Liver is the largest glandular organ in human body. It is multi-functional and is the body’s chemical workshop. It is the most metabolically active, working in close association with the liver, gallbladder, and pancreas.

Viral hepatitis is also known as infective hepatitis. It is a major healthcare burden worldwide, characterized by mediated liver inflammation. Inflammation is the swelling of body tissues that happens when they are infected or injured. It damages the hepatocytes and affects their normal functioning.

Hepatitis can be a short-termed (acute) or long-termed (chronic) infection. Some types of viruses cause only acute infection while others can cause both acute and chronic. Viruses of type A, B, C, D, E, and G can cause hepatitis.

Hepatitis A and E are self-limiting. Recovery from these strains is complete and not followed by cirrhosis and fibrosis of the liver. Other types are more dangerous. Acute hepatitis B, C, D, and G can be a cause of chronic hepatitis.


Hepatitis A and E viruses are excreted in stools and therefore can be spread by the fecal-oral route. Hepatitis E can also be caused by the consumption of raw, uncooked pork, deer, or shellfish. In this, the patient can suffer from jaundice along with liver enlargement and tenderness.

Hepatitis B, C, D, and G are caused after the transfusion of blood or blood products from an infected person. The most common being improperly sterilized needles. Type B and D cause extreme jaundice.


The symptoms of infective hepatitis include:

· Anorexia

· Headache

· Rapid weight loss

· Fever

· Vomiting

· Nausea

· Abdominal discomfort

· Urine color changes to red from dark yellow

· Whitish stools

These symptoms continue for 1-2 months. Neglected viral hepatitis leads to liver cirrhosis.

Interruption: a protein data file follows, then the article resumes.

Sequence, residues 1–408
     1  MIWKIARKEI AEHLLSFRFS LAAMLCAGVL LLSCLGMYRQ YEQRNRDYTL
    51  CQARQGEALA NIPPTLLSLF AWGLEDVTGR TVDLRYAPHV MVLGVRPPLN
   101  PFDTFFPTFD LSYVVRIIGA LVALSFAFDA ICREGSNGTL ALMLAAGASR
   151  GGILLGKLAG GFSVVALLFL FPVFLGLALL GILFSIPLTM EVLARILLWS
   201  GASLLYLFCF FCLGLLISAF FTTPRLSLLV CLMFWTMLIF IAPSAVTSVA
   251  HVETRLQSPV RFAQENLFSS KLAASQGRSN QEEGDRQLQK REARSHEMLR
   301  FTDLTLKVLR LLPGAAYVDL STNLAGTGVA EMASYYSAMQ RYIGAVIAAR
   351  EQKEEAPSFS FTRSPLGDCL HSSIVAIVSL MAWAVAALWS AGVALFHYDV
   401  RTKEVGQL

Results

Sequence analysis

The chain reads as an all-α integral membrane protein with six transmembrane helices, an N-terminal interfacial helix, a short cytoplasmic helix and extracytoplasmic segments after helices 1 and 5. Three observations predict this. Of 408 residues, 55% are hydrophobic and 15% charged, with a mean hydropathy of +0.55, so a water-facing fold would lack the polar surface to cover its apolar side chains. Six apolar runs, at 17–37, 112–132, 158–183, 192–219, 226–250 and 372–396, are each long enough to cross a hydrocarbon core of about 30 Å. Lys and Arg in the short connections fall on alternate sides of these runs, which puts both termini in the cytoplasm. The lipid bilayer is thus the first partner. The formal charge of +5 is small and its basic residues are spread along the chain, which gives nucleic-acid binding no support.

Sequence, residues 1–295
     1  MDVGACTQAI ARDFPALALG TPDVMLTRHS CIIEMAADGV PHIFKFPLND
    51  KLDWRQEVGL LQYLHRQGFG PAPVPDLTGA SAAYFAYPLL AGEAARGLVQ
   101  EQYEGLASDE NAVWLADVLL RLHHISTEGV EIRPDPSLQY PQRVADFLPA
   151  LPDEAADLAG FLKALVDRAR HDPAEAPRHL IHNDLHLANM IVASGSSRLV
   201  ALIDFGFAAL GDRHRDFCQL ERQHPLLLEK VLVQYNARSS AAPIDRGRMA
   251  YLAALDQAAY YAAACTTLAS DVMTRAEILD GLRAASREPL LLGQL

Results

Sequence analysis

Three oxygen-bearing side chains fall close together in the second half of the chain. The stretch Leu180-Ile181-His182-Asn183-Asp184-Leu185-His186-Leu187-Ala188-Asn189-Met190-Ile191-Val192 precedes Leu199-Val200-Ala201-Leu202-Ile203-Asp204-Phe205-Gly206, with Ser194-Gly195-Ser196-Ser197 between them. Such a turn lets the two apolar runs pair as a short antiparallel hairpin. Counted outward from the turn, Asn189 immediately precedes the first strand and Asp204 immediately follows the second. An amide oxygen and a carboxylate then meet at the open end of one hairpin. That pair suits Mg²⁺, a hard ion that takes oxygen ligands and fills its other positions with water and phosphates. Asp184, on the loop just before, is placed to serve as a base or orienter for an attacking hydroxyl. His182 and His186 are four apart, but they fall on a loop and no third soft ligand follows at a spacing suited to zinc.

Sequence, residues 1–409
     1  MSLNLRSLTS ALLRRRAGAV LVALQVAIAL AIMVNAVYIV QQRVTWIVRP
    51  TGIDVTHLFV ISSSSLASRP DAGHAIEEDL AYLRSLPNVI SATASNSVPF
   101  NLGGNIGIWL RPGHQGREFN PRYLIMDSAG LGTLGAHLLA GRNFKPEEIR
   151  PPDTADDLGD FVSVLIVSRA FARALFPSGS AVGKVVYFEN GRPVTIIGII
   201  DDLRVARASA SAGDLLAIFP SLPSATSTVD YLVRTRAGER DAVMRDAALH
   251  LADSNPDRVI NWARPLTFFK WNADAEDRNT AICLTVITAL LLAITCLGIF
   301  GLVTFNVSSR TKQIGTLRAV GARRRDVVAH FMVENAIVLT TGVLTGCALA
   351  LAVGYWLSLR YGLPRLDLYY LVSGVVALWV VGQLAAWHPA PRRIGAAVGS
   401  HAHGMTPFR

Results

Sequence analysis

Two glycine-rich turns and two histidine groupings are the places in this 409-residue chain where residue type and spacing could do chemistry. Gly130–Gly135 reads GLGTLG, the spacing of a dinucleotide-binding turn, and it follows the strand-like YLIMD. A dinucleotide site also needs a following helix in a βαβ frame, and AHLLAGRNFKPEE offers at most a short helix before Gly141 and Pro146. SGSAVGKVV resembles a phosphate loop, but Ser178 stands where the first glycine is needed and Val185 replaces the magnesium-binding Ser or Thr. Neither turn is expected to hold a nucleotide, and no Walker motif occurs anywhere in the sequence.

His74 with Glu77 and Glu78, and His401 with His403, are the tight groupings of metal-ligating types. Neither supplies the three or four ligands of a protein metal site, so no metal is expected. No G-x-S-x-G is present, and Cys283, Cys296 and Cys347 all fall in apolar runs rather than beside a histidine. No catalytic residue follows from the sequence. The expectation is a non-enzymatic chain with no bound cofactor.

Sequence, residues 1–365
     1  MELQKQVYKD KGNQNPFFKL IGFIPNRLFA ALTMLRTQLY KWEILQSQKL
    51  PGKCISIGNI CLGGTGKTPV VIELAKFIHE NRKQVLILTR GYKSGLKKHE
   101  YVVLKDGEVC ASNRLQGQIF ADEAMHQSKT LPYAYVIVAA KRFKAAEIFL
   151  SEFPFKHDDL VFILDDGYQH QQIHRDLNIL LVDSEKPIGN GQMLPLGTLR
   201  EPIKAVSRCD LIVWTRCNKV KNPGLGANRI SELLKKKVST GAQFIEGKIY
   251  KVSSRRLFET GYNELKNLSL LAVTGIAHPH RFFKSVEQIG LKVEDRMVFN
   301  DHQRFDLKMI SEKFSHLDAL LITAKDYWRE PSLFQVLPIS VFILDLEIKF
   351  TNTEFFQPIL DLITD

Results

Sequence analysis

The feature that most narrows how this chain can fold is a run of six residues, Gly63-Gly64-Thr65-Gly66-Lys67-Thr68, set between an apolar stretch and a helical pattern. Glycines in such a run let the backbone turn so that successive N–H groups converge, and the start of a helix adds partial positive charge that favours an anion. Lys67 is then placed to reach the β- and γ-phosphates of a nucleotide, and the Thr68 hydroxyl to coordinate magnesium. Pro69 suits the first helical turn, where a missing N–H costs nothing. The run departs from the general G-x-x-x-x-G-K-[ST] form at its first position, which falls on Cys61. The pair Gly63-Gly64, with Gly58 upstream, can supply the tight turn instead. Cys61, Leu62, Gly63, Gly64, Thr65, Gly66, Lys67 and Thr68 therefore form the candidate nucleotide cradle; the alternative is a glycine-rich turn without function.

Chronic hepatitis infection can lead to severe complications including scarring of the liver- cirrhosis, fibrosis of the liver, liver failure, and liver cancer.

These stages are preventable if diagnosed early and treated properly.


The recommended diet for infective hepatitis includes:

· High protein

· High calorie

· High carbohydrate

· Moderate fat

Small and attractive meals at regular intervals are preferred to large meals. Overfeeding should be avoided.

High Protein: an adequate supply of good quality protein is necessary for the liver cells to regenerate.

Fats: they make the food more palatable and also increase the calorie count hence moderate amount is recommended

High carbs: a high carbohydrate diet is needed so that enough calories are supplied and proteins are not broken for providing energy to the body. Intravenous glucose is suggested in case of fever, nausea, or vomiting.

Vitamin: vitamin C, vitamin K, and supplements of B complex vitamins are essential on daily basis.

Minerals: monitoring and maintenance of serum sodium and potassium levels are necessary. Often added salt is recommended when oral feeds such as fruit juice, vegetable, and meat soups are given.


Ø Cereal porridge

Ø Soft chapatis

Ø Rice

Ø Skimmed milk

Ø Potato

Ø Tapioca

Ø Sugar, jaggery, honey

Ø Fruits and fruit juices

Ø Custard without buttercream

Ø Non-stimulating beverages


Ø Pulses, Beans

Ø Meat, fish, chicken, egg, meat soups

Ø Sweet preparations devoid of ghee, butter, or oil

Ø Bakery products

Ø Dried fruits and nuts

Ø Spices

Ø Alcoholic beverages

Ø Papads

Ø Chutney

Ø Whole milk and cream

Ø Fried preparations.

The infected person should be encouraged to be hydrated and have enough fluids. Fluid balance has to be maintained so that water load is prevented.

Annually, World Hepatitis Day is celebrated on the 28th of July, the birthday of Dr. Baruch Blumberg who discovered the chronic hepatitis B virus in 1967. Two years later, he won the Nobel prize for developing the first hepatitis B vaccine.

Vaccination for hepatitis B is now a part of a routine immunization program. Type A and B vaccinations are available.

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